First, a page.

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|Planning - Find Your Home Business|
A recent survey of small businesses reported the following:
For larger firms, the percentages approximately double in each category.
The ability to get a loan when you need it is as necessary to the operation of your business as is the right equipment. Before a bank or any other lending agency will lend you money, the loan officer must feel satisfied with the answers to these five questions:
When you set out to borrow money for your business, it is important to know the kind of money you need from a bank or other lending institution. Let’s discuss loans and other types of credit. There are numerous types of loans available, all with their own unique name depending on the lender.
Signature loan. A signature loan holds nothing in collateral except your promise to pay the lender back on terms with which you both agree. If your monetary needs are small, you only need the loan for a short time, your credit rating is excellent and you’re willing to pay a premium interest rate because you’re not using physical collateral, a signature or character loan is an easy way to borrow money in a hurry.
Credit cards. Many a small business has found at least some of its funding from the owner’s personal credit cards. Computers, printers, books, office supplies, office overhead and other costs can be covered with your personal credit card. However, interest rates on credit cards are extremely high—sometimes double what you might pay on a collateral loan. But credit cards can offer you quick cash when you need it. If this is an option for you, talk to your credit card representative about raising your credit limit. It will be much easier to do so while you’re employed by someone else.
Line of credit. A line of credit is similar to a loan except that you don’t borrow it all at once. You get a credit limit, say $20,000, that you can tap anytime you need money for business purposes. The most common is the revolving line of credit that you can draw from when business is off and pay back when business is good, providing that you don’t exceed your limit. A line of credit is an excellent way for a home business to work through the ups and downs of seasonal business. With some restrictions, a line of credit can be established using a portion of your home equity as collateral. Using a secured equity earns you a lower interest rate.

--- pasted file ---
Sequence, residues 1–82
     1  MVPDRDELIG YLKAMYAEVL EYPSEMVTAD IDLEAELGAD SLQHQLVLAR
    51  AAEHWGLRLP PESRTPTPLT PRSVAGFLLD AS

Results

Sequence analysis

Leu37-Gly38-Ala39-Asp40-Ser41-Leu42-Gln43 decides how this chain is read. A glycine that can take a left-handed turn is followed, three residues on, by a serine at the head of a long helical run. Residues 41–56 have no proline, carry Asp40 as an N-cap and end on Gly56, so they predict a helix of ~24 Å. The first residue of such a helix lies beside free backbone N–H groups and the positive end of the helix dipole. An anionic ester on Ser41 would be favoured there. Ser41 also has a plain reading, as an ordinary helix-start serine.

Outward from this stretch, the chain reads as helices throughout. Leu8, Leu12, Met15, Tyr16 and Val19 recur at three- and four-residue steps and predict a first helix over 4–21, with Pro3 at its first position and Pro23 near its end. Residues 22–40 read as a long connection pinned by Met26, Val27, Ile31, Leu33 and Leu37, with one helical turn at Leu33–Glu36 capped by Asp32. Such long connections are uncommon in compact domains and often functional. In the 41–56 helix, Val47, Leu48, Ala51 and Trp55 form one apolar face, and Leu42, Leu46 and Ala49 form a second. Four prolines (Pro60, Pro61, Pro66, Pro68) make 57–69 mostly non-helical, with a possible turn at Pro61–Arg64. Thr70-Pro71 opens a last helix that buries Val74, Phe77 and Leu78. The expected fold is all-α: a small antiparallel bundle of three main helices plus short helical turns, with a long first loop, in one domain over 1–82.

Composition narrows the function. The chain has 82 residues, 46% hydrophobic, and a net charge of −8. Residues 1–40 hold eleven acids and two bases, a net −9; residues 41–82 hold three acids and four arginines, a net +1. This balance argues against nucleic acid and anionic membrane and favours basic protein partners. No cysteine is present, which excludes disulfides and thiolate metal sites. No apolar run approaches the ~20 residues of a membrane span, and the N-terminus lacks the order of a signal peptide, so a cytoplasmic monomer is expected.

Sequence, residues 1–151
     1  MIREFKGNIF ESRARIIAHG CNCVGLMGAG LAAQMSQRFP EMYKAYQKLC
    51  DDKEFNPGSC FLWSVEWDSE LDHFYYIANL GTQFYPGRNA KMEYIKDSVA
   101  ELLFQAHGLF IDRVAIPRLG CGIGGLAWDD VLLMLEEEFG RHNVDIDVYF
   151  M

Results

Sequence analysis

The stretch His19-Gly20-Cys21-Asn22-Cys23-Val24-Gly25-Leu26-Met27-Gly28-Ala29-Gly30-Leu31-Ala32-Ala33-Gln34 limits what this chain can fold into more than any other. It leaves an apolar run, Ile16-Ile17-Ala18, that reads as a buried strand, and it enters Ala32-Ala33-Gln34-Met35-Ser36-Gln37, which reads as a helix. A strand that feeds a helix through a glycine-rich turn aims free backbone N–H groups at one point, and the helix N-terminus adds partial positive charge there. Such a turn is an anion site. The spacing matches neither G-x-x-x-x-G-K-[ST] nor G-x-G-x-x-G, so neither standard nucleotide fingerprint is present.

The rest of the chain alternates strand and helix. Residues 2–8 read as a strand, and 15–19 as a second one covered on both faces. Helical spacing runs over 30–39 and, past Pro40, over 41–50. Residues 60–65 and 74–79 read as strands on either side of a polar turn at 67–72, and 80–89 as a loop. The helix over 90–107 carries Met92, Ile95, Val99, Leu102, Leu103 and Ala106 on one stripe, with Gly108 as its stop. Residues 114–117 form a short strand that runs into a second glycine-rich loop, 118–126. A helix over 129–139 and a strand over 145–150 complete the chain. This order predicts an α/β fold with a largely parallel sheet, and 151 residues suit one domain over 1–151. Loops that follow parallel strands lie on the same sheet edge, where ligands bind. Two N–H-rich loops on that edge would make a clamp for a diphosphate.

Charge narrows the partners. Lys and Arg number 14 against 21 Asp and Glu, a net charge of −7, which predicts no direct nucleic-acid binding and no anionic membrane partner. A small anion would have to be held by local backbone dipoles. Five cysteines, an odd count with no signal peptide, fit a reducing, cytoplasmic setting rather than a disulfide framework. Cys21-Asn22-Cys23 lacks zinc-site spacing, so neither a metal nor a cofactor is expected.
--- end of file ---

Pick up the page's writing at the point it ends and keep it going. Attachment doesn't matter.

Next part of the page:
Cosigner loan. A cosigner loan should be one of the most popular loans for small businesses, but many entrepreneurs never consider it. Simply, you find a cosigner or a comaker with good credit or assets who will guarantee the loan with you. If you have a potential investor who believes in your business but doesn’t want to put up the cash you need, ask him or her to cosign for a loan with you. Your chances of receiving the loan are much better. Some cosigners will require that you pay them a fee of 1 to 4 percent of the balance or a flat fee. Others will do it out of friendship or the hope of future business from you. In any case, consider this as an excellent source of capital for your new home business.
Equipment leases. If you’re purchasing equipment, computers or other assets for your business, the supplier may loan or lease the equipment to you. This often requires about 25 percent down, so be ready to come up with some cash of your own.
Collateral loan. A collateral loan is one in which some type of asset is put up as collateral; if you don’t make payments you will lose the asset. So the lender wants to make sure that the value of the asset exceeds that of the loan, and will usually lend 50 to 75 percent of asset value. A new home business owner often does not have sufficient collateral—real estate or equipment—to secure a collateral loan unless an owner uses personal assets such as a home.
Passbook loan. Sometimes you can get a loan by assigning a savings account to the bank. In such cases, the bank gets an assignment from you and keeps your passbook. If you assign an account in another bank as collateral, the lending bank asks the other bank to mark its records to show that the account is held as collateral.
Life insurance loan. Another kind of collateral is life insurance. Banks will lend up to the cash value of a life insurance policy. You have to assign the policy to the bank. If the policy is on the life of an executive of a small corporation, corporate resolutions must be made authorizing the assignment. Most insurance companies allow you to sign the policy back to the original beneficiary when the assignment to the bank ends. Some people like to use life insurance as collateral rather than borrow directly from insurance companies. One reason is that a bank loan is often more convenient to obtain and may often be obtained at a lower interest rate.